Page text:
Peak Oil is You

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Page added on July 26, 2010

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I can’t believe it’s oil!

I can’t believe it’s oil! thumbnail

uses include: deodorants, petroleum jelly, moisturizers, rubbing alcohol, soaps, heart valves, antiseptics, hearing aids, nasal decongestants, antihistamines, moisturizers, Bactine, vaporizers, latex gloves, bandages, allergy medications, aspirin, burn lotions, insect repellents, anesthetics, artificial limbs, cough syrup, cologne, dentures, stethoscopes, syringes, glycerin, cortisone, cosmetics, dentures, vitamins and synthetic wigs.

One of the biggest uses is the manufacture of plastics, which are carbon-based polymer compounds. Because the compounds are inert, they can be used to store other substances without chemical interaction. Plastics are also easily shaped and molded into toys, bottles, computer housings, car interiors and thousands of other products.

Synthetic fibers in clothing such as polyester, nylon, rayon and artificial furs are derived from petroleum. Other products include: crayons, athletic shoes, fertilizer, paint, synthetic rubber, ammonia, computer disks, eyeglass lenses, bubble gum, ink, asphalt, adhesives, candles, antifreeze, carpet, glue, shoe polish, matches, packaging, shingles, linoleum, wiring, dishwashing liquid and many other cleaning products.

4 Comments on "I can’t believe it’s oil!"

  1. KenZ300 on Mon, 26th Jul 2010 6:42 am 

    How fast can we transition from oil?


    If the price of oil goes up dramatically what happens to our economy? PEAK OIL may have a dramatic effect on our economy and our national security.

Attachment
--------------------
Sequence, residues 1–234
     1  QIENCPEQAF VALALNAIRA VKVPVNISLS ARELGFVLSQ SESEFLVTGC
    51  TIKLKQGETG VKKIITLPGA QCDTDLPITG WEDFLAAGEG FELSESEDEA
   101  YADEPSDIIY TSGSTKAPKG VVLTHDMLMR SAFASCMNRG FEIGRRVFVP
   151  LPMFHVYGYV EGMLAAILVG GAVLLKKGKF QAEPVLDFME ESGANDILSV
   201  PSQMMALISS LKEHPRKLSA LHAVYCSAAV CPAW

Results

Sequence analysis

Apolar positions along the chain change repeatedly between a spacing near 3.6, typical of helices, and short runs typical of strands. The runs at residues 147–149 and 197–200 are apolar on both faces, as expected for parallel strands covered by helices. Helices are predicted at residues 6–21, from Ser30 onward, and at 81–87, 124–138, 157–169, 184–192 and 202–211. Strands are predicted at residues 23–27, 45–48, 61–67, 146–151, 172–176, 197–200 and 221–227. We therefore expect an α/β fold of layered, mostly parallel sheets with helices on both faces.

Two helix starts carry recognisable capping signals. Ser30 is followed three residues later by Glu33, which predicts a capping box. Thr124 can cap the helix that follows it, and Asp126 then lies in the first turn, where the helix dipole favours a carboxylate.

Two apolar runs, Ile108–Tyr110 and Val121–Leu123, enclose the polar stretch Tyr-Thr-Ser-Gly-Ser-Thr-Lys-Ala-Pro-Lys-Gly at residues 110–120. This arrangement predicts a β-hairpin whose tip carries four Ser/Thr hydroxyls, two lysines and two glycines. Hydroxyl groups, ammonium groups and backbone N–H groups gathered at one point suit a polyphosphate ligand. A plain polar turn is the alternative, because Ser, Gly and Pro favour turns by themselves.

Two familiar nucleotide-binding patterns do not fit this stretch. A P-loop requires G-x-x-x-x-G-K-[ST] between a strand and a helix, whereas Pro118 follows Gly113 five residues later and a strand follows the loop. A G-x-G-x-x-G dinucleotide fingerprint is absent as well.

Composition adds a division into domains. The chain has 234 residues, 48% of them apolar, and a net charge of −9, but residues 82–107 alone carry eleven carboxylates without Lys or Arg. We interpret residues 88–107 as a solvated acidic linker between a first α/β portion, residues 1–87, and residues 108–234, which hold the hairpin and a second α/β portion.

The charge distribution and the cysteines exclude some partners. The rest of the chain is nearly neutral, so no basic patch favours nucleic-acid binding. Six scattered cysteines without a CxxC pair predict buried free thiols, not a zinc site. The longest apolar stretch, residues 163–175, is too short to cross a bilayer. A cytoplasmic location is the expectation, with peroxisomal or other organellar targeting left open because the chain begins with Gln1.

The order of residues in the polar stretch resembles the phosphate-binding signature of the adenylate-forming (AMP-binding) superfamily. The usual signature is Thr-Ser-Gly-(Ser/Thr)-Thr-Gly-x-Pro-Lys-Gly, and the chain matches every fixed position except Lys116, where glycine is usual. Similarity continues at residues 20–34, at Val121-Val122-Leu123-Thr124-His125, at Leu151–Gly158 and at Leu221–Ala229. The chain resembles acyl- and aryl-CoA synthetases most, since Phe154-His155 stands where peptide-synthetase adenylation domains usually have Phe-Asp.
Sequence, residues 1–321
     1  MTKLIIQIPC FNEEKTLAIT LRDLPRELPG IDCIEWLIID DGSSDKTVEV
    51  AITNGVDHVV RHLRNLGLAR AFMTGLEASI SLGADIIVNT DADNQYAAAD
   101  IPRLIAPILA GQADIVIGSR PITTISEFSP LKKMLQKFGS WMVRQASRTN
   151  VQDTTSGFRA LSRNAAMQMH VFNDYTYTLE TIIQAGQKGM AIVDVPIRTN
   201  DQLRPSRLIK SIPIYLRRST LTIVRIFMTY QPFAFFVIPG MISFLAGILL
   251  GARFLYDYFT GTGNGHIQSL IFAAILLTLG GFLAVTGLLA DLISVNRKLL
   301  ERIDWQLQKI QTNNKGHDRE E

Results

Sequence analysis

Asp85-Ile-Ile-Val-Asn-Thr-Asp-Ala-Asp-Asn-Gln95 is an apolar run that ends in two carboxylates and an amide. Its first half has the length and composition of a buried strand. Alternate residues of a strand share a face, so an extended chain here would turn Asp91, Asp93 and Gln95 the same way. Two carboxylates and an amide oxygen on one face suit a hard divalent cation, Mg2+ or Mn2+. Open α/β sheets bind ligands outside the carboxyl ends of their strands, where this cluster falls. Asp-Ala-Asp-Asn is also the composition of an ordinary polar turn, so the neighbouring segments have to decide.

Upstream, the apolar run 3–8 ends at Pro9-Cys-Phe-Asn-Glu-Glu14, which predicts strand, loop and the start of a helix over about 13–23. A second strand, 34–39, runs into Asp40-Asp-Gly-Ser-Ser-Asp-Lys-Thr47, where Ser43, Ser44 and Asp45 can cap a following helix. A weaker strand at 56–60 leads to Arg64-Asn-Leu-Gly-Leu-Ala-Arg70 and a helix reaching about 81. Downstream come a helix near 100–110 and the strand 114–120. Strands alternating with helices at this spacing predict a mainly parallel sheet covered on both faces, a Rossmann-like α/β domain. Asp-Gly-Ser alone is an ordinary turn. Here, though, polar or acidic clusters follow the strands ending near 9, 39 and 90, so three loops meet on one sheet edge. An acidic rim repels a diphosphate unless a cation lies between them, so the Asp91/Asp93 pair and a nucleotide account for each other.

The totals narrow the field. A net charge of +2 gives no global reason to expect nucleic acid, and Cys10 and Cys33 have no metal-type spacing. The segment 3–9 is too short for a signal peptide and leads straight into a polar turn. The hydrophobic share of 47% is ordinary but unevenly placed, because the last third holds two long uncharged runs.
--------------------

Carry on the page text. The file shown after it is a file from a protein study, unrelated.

Sure explains why China is busy buying up all the oil it can around the world.

    Why are we all fiddling?

  2. Wheeldog on Mon, 26th Jul 2010 12:33 pm 

    A listing of everything requiring oil as a component leaves one with a simple conclusion; as the supply of oil declines so will human population. The global economy cannot function without a plentiful supply of cheap energy, particularly liquid motor fuels. Modern farming, medicine and manufacturing are heavily dependent on oil and natural gas. The real question is how will the population decline occur. Will it be a relatively quiet process where people voluntarily decide to have fewer children, those with incurable disease are allowed to die sooner and less effort is expended on prolonging life? Or will it be messy with war, starvation, plagues and natural disasters becoming the grim reapers of humanity? Hopefully, it will be the voluntary route.

  3. KenZ300 on Mon, 26th Jul 2010 9:10 pm 

    Over population will intensify the scarce resource problem. If resources are a problem now how will we manage with the population expected to grow by another 1 or 2 billion people?

  4. Wheeldog on Tue, 27th Jul 2010 2:21 pm 

    “how will we manage with the population expected to grow by another 1 or 2 billion people?’

    The answer is brutally simple; we won’t. It is physically not possible to maintain adequate life support for the current population with declining sources of cheap energy and expanding degradation of farmlands. The more the population grows the greater will be the ultimate die off. The question is not if the population will decline but rather how much and by what means. It is unrealistic to believe that “sustainable” small gardens will suffice to support current large urban and suburban populations, particularly when declining oil supplies result in shortages in other essential supplies and services.

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